My country

If memory serves, it was the winter of 2013. The festive season. Although it didn’t feel at all festive. A midweek, mid-December afternoon which, despite the relatively early hour, was already dark with a depressing darkness that seemed to suck the cheering glow from the lights decorating Perth High Street into its dismal, smothering maw. And dreich. The ‘Perfect Dreich’. Every permutation imaginable of rain, sleet, snow, hail and biting, bone-chilling, skin-searing cold running in random, swirling cycles as if seeking the ultimate combination that might deter even the most abject slave to the annual consumer-fest that is Christmas.

Don’t ask me why I was out and about on such a day. I really can’t remember. But there I was, battling the elements as I made my miserable way along Perth’s main shopping thoroughfare when, through a sudden sheeting downpour, I spotted someone I recognised. There, in the middle of the street, stood Deputy First Minister of Scotland and then Finance Secretary, John Swinney.

The tall, slim figure of our local MSP was unmistakable despite the gathering gloom and the fact that he was unnaturally diminished in stature by being hunched against the cold, as if trying to withdraw entirely within his dark overcoat, and stooped as he attended, against the dull roar of wind and rain, to a couple of comparatively diminutive ladies.

It took no more than a brief glance to see that John was getting a bit of a hard time from the ‘little old ladies’. Fingers were being wagged in a way that made it all too easy to imagine the tongue-lashing he was having to endure without actually being able to hear a word.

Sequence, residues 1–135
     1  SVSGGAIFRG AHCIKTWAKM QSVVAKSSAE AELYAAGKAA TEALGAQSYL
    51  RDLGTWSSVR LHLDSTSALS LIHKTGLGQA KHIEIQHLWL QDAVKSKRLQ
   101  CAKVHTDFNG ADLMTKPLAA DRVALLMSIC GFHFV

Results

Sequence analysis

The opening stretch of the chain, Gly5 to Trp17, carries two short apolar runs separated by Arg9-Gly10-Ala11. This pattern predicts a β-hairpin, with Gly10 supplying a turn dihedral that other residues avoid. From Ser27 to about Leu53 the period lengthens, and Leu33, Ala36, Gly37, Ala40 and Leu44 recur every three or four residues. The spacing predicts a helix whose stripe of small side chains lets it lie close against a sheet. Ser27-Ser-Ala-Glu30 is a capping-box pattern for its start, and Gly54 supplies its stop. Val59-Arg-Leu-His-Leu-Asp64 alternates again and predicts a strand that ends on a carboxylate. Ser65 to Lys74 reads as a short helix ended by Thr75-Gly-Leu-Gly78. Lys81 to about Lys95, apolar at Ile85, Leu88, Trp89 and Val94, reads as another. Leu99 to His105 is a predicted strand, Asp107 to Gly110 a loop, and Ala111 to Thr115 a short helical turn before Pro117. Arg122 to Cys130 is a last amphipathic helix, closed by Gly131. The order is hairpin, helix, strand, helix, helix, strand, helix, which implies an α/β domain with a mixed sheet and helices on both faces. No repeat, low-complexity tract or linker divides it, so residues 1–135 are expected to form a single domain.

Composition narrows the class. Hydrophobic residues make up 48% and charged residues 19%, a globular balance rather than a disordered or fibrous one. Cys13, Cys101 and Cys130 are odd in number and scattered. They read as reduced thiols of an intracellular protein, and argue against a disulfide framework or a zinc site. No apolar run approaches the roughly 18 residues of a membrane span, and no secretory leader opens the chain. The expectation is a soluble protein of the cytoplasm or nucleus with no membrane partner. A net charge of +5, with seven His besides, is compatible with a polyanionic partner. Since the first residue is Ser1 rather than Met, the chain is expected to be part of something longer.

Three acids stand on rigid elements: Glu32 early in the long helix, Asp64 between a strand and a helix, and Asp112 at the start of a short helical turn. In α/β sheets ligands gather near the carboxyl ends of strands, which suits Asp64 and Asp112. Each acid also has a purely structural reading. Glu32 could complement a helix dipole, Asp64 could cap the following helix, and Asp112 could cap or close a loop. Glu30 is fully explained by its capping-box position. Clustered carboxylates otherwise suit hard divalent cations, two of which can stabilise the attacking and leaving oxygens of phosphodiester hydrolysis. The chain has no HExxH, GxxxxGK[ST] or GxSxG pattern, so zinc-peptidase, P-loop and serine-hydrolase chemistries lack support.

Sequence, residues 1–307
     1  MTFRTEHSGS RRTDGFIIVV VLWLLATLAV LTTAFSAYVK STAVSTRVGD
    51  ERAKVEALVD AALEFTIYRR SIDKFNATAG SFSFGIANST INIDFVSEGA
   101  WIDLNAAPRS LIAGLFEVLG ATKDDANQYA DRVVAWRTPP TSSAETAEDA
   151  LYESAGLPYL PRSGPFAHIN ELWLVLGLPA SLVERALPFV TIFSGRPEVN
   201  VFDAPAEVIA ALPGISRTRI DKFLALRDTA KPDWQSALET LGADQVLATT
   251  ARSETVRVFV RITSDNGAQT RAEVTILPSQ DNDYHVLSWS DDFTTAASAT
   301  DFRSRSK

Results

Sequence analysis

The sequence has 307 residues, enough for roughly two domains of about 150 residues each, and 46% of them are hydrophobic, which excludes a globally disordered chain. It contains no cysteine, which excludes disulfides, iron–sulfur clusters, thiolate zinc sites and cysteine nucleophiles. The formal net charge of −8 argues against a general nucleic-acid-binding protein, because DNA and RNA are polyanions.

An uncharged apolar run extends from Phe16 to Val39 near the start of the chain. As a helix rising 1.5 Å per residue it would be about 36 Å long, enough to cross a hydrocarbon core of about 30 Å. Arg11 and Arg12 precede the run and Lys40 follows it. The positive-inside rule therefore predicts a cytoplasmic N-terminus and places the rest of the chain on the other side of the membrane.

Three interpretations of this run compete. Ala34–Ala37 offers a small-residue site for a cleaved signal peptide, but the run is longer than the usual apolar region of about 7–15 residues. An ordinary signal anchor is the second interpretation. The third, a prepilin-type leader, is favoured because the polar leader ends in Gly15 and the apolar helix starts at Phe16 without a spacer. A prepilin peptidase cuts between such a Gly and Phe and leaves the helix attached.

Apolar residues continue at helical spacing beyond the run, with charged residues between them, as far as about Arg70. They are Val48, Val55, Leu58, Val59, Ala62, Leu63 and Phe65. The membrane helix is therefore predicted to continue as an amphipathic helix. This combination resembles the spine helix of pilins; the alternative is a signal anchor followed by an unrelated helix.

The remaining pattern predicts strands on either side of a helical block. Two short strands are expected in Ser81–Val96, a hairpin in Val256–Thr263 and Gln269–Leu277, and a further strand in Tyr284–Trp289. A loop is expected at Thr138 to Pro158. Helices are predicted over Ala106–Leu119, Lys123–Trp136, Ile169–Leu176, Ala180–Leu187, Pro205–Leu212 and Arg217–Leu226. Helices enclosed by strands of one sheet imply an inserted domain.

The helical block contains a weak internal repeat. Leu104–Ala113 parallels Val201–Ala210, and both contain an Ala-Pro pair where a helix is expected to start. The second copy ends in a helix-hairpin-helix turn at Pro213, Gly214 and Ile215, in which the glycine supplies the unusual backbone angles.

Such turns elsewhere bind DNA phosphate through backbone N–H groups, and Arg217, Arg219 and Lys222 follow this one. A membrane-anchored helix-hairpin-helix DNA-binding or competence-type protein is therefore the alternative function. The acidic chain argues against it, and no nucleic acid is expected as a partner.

In that moment, with an unexpectedness that left me momentarily confused, my heart swelled. Despite the wretched weather, I felt the chill of the day dispelled by a warm glow of something between pleasure and pride. I was struck by the sudden realisation of how much I cherish living in a place where one of the most senior political figures in the land isn’t being whisked around in a bullet-proof limousine, but is standing in the middle of a pedestrian precinct being berated by voters. A place where our politicians aren’t isolated from us behind a wall of stone-faced security and mealy-mouthed minders, but are as exposed to the slings and arrows of outraged citizenry as we all were to the foul weather on that grim December afternoon.

It dawned on me then just how much I value the kind of society that still allows our First Minister to go walkabout at the foot of the Buchanan Steps organising selfies and having a blether and being entirely at ease with the people she answers to and not an agitated political aide or concerned police officer in sight.

I became freshly aware of the preciousness of a political culture in which it is possible for politicians to feel sufficiently protected simply by the respect they earn.

I felt inordinately pleased that this was my country.

I may have told this story before. I don’t care. It seems particularly apt to tell it again now, as armed police and military personnel are being deployed on the streets of Scotland at the behest of a British political elite which insists that it alone is capable of protecting my country.

But this is not my country!